Transfer of an Anti-HIV-1 Ribozyme Gene into Primary Human Lymphocytes

Mark C. Leavitt, Mang yu, Osamu Yamada, Günter Kraus, David Looney, Eric Poeschla, Flossie Wong-Staal

Research output: Contribution to journalArticlepeer-review

98 Scopus citations

Abstract

We reported previously that human CD4+ T cell lines stably expressing a hairpin ribozyme targeted to the human immunodeficiency virus type 1 (HIV-1) U5 leader sequence were resistant to challenge with diverse HIV-l viral clones and clinical isolates (Yamada et al., 1994). To simulate more closely the in vivo infection process for investigations of anti-HIV-1 ribozyme gene therapy, we developed a system to transfer this ribozyme gene into freshly isolated human peripheral blood lymphocytes (PBLs) using a murine retrovirus vector. Following transduction and G418 selection, human PBLs from multiple donors expressed the ribozyme and resisted challenge by HIV-1 viral clones and clinical isolates, while control vector-transduced PBLs remained fully permissive for HIV-1 infection. No inhibition of an HIV-2 clone lacking the target was seen in ribozyme-expressing PBLs. Ribozyme expression had no effect on viability or proliferation kinetics of the primary lymphocytes. This study is the first demonstration in primary human T cells of resistance to HIV-1 infection conferred by gene transfer. A human clinical trial is in development to test further the safety and efficacy of this ribozyme in PBLs of HlV-1-infected patients in vivo.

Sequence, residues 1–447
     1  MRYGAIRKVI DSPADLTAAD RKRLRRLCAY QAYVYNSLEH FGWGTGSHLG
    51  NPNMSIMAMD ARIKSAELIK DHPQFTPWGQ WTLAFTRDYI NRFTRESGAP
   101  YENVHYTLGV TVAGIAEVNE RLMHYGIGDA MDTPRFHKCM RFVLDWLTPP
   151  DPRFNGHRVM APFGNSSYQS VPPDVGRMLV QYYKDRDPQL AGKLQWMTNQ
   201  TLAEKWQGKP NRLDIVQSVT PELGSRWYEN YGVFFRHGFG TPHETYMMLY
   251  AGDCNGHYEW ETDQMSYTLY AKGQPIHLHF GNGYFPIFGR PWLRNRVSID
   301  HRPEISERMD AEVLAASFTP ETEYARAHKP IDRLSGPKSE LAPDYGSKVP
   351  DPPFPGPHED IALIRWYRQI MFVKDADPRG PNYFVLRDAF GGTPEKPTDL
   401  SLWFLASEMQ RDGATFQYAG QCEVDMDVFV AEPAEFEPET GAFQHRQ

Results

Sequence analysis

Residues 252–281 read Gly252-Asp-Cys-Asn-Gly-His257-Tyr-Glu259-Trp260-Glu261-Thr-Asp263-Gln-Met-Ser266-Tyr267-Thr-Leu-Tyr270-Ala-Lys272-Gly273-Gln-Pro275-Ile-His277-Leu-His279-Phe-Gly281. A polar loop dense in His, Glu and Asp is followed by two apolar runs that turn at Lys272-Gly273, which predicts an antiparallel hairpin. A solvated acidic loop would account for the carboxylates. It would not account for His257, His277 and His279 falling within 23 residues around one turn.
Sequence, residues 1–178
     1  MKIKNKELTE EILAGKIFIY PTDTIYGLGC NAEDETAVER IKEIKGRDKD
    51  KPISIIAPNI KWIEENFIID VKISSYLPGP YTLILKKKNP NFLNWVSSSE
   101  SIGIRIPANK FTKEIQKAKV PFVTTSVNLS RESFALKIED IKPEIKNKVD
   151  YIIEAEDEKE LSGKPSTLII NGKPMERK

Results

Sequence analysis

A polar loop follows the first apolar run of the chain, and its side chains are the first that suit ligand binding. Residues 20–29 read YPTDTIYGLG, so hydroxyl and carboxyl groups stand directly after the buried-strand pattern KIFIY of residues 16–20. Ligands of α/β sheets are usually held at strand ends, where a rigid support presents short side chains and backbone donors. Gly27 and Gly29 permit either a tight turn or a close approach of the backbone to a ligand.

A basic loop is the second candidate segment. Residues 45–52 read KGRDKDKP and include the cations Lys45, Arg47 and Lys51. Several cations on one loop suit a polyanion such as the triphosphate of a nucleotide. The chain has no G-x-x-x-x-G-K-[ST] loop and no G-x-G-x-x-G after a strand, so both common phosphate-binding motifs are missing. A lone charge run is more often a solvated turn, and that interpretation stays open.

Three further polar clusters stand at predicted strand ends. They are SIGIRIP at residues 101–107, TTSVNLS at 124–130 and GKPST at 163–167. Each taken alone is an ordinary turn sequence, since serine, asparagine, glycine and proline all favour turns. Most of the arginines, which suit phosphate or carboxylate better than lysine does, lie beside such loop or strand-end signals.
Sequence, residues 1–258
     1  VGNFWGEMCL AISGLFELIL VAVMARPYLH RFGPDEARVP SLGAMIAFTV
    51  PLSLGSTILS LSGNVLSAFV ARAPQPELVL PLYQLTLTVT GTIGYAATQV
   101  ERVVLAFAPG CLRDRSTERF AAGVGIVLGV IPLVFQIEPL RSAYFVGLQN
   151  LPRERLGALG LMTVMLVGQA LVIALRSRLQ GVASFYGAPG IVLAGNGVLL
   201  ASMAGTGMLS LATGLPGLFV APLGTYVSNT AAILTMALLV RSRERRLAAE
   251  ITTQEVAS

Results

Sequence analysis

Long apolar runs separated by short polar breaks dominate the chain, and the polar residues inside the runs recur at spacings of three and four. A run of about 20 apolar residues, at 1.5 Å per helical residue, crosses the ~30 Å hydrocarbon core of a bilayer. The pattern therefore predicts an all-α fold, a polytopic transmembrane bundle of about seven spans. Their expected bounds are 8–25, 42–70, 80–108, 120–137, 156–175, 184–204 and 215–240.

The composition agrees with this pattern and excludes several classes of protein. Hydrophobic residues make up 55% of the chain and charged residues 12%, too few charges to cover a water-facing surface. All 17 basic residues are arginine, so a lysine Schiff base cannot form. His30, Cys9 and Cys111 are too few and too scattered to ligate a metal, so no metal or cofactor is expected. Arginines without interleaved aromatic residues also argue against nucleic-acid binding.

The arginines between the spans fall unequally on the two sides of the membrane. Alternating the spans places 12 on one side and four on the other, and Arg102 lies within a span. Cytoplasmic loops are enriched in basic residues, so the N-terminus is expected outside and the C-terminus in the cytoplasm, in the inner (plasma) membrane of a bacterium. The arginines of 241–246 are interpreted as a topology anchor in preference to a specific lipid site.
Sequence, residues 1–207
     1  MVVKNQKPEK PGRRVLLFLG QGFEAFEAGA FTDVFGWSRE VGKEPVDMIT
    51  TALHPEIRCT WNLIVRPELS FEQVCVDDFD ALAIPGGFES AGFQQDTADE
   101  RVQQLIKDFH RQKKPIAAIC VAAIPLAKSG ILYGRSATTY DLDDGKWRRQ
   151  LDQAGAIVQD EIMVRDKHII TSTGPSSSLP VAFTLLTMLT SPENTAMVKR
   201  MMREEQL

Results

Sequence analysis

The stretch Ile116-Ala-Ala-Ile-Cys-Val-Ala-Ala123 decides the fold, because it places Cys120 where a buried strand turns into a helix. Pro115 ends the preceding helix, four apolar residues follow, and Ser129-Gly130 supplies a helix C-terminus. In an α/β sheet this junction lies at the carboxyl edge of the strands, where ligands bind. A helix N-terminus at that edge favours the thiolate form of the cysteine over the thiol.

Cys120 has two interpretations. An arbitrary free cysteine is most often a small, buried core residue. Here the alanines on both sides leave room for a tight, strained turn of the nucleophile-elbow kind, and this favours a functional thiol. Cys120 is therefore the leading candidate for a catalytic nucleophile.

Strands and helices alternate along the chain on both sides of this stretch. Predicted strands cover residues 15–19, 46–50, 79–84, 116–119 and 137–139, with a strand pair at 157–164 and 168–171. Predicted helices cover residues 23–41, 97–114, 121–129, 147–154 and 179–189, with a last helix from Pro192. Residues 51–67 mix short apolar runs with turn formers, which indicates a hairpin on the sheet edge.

Original languageEnglish (US)
Pages (from-to)1115-1120
Number of pages6
JournalHuman gene therapy
Volume5
Issue number9
DOIs
StatePublished - Sep 1 1994

ASJC Scopus subject areas

  • Molecular Medicine
  • Molecular Biology
  • Genetics

Fingerprint Dive into the research topics of 'Transfer of an Anti-HIV-1 Ribozyme Gene into Primary Human Lymphocytes'. Together they form a unique fingerprint.

Cite this